What do you know about the Feast of Seven Fishes served on Christmas Eve?

December 23, 2020

What do you know about the Feast of Seven Fishes served on Christmas Eve?

What do you know about the Feast of Seven Fishes served on Christmas Eve?

It’s a popular theme for the Christmas meal in America celebrated on the 24th December. The meal consists of seven courses each one showcasing a delicious Italian seafood dish. But, where and when did this tradition start? If you are keen to learn more about the origins and get some delicious recipe recommendations for this Italian Christmas tradition, read on.

All over the world people come together with friends and family to eat and drink at Christmas Time. If you would like to learn more about why people eat together, read our blog: “Bringing food to the table helps to bring people together”.

The Feast of Seven Fishes is both popular in America and the south of Italy.  How did it start and why is it so popular in the US?  The ancient tradition of eating fish on Christmas Eve dates from the Roman Catholic custom of abstinence from meat and dairy products on the eve of certain holidays, including Christmas.  Whilst the tradition of enjoying a large meatless Christmas Eve meal was (and remains) common across Italy, as well as many other Roman Catholic-dominated countries, the origin of the Feast of the Seven Fishes has its roots in southern Italy.  The area, which is surrounded by bountiful coastline, has been known for its seafood for generations. It's historically poorer than the rest of Italy, with locals preferring fish because of its relative affordability, and with the knowledge of today, it is also good for the environment. 

In the Catholic liturgical calendar, there are special days of abstinence (where followers are advised to avoid meat) and days of fasting (where followers are advised to reduce their food intake, usually to just one meal a day).  Before reforms were made in the 1960s, 24th December, the day the Roman Catholics call The Vigil of the Nativity of the Lord, was a day to fast and abstain.  Worshippers were generally allowed to break the fast in the evening.  The Feast of the Seven Fishes, seems like an obvious solution! You have a large and hungry Catholic-Italian family that hasn’t touched food all day.  None of them are allowed to eat meat.  What else is there to do but prepare a giant evening meal of pasta and seafood!  We sure are happy with the reform!!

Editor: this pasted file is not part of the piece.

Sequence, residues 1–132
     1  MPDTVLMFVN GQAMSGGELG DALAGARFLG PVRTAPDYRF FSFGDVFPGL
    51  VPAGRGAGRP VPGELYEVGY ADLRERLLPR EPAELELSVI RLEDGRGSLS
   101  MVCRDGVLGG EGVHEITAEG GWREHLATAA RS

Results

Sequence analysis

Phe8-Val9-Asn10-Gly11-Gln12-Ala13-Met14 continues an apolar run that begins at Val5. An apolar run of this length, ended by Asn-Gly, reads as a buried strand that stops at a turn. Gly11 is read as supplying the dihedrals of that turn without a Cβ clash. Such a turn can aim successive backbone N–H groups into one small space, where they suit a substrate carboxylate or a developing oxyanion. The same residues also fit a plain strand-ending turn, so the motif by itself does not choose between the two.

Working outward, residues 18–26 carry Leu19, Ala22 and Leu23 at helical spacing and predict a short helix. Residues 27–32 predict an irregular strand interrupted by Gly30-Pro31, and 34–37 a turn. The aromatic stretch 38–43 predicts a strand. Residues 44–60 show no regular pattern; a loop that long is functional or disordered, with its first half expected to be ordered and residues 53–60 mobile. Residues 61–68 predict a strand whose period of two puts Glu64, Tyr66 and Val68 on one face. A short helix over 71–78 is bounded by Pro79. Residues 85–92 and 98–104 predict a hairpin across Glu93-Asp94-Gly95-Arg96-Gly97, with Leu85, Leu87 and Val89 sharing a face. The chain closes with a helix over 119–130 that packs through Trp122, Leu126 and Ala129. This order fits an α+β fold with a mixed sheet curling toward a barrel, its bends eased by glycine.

The number seven is rooted back in ancient times and it can be connected to multiple Catholic symbols: in fact, the number seven is repeated more than 700 times in the Bible.  Also, according to the Roman Catholic Church, seven are the sacraments, the days of the Creation and the deadly sins.  Or perhaps it commemorates the day Christians believe God rested. Others say the number is just a good marketing tool used by restaurants!  Indeed, the earliest newspaper article found containing the phrase “Feast of the Seven Fishes” is a 1983 advertisement for a restaurant in Philadelphia!